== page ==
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Opinions of Sunday, 16 May 2021

Columnist: Abdul-Razak Lukman

Woes of a Ghanaian graduate

File photo :University graduates File photo :University graduates

The value of a country is assessed not by the riches or assets it possesses, but by its people. A nation may be wealthy, but what’s more important than the actual wealth is the collective intellect, honesty and intelligence of the people who contributed towards earning that wealth.

Corruption in Ghana is a result of widespread dishonesty in our society. A Ghanaian at one point in time would definitely come across corruption in his/her life time. Some graduates are tempted to do it because they see it as the only option to secure their future job.

We have honest and poor graduates who bribe “high office holders” to be able to get a permanent job. This is a common practice in the Ghanaian system but we turn a blind eye to such practices.

In most instances, they have to agree on the mode of payment or either the person would have to look for the money before the appointment is issued or swear by the Quran or Bible to agree to it that, the first four or five months of payment belongs to the “high office holder” (the person promising to secure the graduate an appointment).

I remember last year where a poor graduate of the University for Development Studies was so frustrated that he was ready to do everything possible to purchase an appointment. He together with his three friends went into an ‘agreement’ with a ‘will-be appointment provider’ to pay a sum of Ghc 4,000 each before they are given the appointment.

The person claimed to know people at the top and promised to get them a permanent placement. Monies were exchanged but the appointments never came. Days, weeks and months passed-by without any signal of landing themselves into any job appointment. Then, the issue of getting the ‘connection man’ reached on phone was impossible.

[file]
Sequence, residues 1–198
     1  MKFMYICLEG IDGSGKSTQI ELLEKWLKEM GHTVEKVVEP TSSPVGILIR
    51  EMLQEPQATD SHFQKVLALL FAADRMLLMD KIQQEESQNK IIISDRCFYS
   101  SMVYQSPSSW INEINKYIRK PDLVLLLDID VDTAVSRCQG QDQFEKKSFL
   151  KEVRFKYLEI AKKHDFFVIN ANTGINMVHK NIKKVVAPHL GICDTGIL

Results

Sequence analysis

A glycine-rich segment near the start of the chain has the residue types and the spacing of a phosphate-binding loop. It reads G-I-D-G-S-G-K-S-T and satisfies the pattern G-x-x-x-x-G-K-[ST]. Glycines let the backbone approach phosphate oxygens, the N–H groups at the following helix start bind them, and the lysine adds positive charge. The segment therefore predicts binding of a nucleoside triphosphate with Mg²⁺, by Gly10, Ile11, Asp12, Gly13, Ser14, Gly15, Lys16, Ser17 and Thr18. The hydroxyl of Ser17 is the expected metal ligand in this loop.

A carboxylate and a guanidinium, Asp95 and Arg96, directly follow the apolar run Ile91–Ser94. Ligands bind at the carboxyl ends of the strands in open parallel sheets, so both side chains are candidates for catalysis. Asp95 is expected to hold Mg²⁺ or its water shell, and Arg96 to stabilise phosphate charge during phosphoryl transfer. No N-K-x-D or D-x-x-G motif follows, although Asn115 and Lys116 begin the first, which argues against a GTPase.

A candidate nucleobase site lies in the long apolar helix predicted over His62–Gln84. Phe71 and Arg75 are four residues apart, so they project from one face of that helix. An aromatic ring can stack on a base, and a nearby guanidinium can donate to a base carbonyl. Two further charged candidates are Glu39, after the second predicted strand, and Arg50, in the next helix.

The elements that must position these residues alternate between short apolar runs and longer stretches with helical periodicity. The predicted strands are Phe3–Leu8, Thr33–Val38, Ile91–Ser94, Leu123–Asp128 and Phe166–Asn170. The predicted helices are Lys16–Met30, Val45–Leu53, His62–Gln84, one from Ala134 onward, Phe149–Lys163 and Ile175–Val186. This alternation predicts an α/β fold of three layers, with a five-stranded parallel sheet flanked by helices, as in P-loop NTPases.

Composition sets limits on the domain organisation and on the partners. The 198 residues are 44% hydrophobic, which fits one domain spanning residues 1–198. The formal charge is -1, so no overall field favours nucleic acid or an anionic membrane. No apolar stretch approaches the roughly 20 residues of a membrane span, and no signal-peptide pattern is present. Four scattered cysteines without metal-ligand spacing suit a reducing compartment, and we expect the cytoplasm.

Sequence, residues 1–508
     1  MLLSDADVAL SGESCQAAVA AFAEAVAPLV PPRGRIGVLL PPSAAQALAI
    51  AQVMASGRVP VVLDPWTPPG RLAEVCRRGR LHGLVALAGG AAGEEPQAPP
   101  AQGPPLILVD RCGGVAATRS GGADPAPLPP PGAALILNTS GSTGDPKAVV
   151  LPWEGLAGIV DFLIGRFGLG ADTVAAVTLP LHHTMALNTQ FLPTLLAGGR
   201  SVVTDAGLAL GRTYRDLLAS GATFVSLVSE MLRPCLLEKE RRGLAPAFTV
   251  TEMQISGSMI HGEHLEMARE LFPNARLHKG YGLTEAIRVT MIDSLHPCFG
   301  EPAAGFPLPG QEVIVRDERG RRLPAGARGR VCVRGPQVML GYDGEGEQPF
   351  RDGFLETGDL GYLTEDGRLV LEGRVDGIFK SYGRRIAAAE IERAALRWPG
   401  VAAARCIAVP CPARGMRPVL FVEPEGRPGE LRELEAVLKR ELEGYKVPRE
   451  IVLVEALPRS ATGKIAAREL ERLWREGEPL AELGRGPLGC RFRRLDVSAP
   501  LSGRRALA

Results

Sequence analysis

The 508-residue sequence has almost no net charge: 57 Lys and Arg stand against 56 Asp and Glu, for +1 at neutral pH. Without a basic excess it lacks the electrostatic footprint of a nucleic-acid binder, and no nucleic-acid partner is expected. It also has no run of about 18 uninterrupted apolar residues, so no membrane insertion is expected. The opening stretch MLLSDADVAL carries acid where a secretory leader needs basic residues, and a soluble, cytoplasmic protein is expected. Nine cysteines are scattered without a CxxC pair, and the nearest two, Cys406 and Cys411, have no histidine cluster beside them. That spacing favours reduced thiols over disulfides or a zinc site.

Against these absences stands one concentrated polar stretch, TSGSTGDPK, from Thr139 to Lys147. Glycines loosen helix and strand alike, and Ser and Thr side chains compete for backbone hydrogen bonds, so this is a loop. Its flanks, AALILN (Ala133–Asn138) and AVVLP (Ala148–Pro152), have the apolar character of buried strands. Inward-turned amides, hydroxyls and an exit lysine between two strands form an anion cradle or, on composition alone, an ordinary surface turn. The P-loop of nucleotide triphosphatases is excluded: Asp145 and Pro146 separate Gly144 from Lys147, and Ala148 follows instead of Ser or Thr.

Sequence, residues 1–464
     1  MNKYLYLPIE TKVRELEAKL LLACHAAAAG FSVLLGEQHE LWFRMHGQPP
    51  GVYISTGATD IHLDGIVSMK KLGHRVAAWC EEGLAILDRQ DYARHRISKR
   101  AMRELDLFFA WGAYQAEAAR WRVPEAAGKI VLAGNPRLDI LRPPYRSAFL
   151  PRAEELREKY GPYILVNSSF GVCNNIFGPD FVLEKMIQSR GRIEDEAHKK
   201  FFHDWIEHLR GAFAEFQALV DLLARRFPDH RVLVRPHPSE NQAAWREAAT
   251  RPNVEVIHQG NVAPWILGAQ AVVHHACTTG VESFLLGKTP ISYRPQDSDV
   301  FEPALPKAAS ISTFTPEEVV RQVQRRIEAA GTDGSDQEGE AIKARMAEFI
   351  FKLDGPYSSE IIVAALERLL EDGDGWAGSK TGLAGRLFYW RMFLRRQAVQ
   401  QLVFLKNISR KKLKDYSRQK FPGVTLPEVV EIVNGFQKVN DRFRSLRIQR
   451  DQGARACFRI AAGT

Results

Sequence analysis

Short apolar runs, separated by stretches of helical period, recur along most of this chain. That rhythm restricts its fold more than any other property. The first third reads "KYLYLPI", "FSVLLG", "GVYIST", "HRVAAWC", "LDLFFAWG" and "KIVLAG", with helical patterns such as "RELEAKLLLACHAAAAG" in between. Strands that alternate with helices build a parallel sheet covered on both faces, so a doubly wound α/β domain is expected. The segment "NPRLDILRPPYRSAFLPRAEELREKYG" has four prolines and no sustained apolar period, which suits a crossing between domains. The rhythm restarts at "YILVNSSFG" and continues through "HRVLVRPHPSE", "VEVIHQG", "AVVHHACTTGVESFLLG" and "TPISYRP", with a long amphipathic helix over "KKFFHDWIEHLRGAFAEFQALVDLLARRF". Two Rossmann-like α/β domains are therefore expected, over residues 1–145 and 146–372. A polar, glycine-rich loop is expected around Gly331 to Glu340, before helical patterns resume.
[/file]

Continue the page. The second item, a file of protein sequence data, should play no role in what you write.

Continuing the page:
The matter went as far as Sagnarigu Chief’s Palace but no amicable resolution was reached. The so called ‘connection man’ promised to refund their monies to them when questioned at the Chief’s Palace, but he was clear that he can’t tell when. That’s the faith of graduates in our system.

We need to build a Ghana where we could go to a government office in Ghana, get things done in a jiffy without knowing someone there.

We need to build a Ghana where we can apply for a job without having to pay something to someone to get the job.

We need to build a Ghana where medical services at hospitals and getting access to doctors is not about whom you know but-first-come-first-serve approach.

We need to build a Ghana where graduates are not asked: who sent you here, when attending to a job interview.

We need to build a Ghana where job appointments are based on qualifications and not who is connected to the system.

No country can become developed unless we develop a feeling of ownership for our country and its resources; unless we are honest towards ourselves. Honesty must cut across all facets of our working life.